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Hearing loss is one of America’s most common chronic health conditions – and it is also one of the most under treated health issues facing people today. People who are diagnosed with hearing loss, or who sense a change in the way they hear very often don’t seek treatment for their condition. This has been linked to a number of factors, including the often gradual and painless onset of hearing loss which makes it harder to acknowledge the impact of hearing loss on everyday life.
Unfortunately, not treating hearing loss can have big consequences. Hearing loss is connected to our health as a whole, and problems like hearing loss can be indicative of other health issues as well as bring about new problems. One serious concern is the connection between hearing health and cognitive performance. Untreated hearing loss has been shown to strain cognitive skills and is connected with a higher risk of dementia.
Now, recent research is showing that even mild hearing loss can cause cognitive issues, Mild hearing loss is often the first stage of gradual hearing loss. It frequently goes unacknowledged and unaddressed. However, as this new link shows, any change in hearing ability is important to have examined and treated.
Mild Hearing Loss
Degrees of hearing loss are determined by the threshold sound volume, measured in decibels, that proves challenging for your hearing. Mild hearing loss is the term used to designate that a person has difficulty hearing and comprehending sounds under 40 decibels (dB). Sounds under 40 dB can be described as quiet. A still room, whispered speech and leaves rustling are examples of sounds around 40 dB or under.
Because the sound levels associated with mild hearing loss are naturally quite quiet, it can be hard for people experiencing it to recognize a problem. Instead, mild hearing loss may seem like something to ignore or brush off.
Sadly, mild hearing loss is the degree of hearing loss that is most responsive to treatment. Treating hearing loss early before it worsens gives you a better connection to “natural” sound perception and can help curb the bigger health impacts of hearing loss.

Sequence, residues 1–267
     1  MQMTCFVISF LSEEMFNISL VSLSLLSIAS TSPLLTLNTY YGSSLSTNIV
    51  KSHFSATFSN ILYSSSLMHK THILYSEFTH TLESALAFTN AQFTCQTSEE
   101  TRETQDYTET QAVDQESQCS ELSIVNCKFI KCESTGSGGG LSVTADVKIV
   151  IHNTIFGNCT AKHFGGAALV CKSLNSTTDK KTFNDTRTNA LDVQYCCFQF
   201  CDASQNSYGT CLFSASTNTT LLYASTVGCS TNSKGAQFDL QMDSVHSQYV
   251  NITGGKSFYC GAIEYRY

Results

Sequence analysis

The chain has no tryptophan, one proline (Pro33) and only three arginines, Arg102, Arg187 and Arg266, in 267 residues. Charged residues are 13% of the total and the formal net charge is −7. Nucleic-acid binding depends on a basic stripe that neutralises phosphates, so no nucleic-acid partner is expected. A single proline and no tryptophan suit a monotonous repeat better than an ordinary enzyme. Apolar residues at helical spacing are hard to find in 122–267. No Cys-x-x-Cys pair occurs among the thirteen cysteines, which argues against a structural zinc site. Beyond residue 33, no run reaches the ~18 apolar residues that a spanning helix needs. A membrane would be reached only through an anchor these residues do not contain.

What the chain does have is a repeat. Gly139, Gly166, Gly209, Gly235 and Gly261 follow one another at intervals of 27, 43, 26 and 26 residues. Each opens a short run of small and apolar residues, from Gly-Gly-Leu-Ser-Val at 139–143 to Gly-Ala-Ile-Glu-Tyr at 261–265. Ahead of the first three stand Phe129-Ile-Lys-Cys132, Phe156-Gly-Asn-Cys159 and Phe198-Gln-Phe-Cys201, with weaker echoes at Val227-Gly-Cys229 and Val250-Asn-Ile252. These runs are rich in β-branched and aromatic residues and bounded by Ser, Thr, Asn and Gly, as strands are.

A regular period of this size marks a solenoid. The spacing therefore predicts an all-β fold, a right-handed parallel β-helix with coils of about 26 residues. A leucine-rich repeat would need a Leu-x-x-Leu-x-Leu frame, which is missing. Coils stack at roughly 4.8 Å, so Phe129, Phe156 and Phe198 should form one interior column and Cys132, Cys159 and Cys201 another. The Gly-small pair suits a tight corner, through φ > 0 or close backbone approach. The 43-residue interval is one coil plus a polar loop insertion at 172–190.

Hearing Loss and Cognitive Performance
While many people are unaware of the connection between hearing loss and cognitive skills, the two are directly connected. A compromised sense of hearing means that your brain has to constantly hustle to comprehend incoming sound information. Imagine trying to complete a crossword puzzle with only half the clues – with hearing loss your mind is constantly trying to deduce missing information, usually from context clues. The result is often both frustrating and prone to error.
Worse still, when your mind is trying to comprehend incomplete sound it requires more resources than healthy hearing. Extra attention and focus are pulled away from other parts of cognitive functioning and redistributed to assist with hearing. The result can shortchange other aspects of your everyday life, like your balance and coordination. It can also strain your ability to perform cognitive tasks. The way in which hearing loss reorders cognitive priorities may be part of why hearing loss elevates risk for Alzheimer’s disease and other forms of dementia.
Looking at data from over 6,400 study subjects, research has now confirmed that even hearing loss classified as mild has a significant impact on cognitive functioning. Those with mild hearing loss demonstrated reduced cognition when compared to those with healthy hearing. This highlights the necessity of both recognizing and treating hearing loss at all stages. Mild hearing loss too often goes unacknowledged and is more able to go undetected than other degrees of hearing loss.
What is important to understand with these new findings is that even if your hearing issue seems like “no big deal” in truth, it may be harming you in ways that are difficult to perceive. Hearing loss at all levels requires more from our mental faculties, but in turn leaves us with less resources. Without treatment, mild hearing loss can be tiring. It has also been shown to affect social engagement, mobility and quality of life.
Choosing to treat mild hearing loss is an investment in your health. If you have a hearing concern or want to learn more about your hearing health and options, contact us today!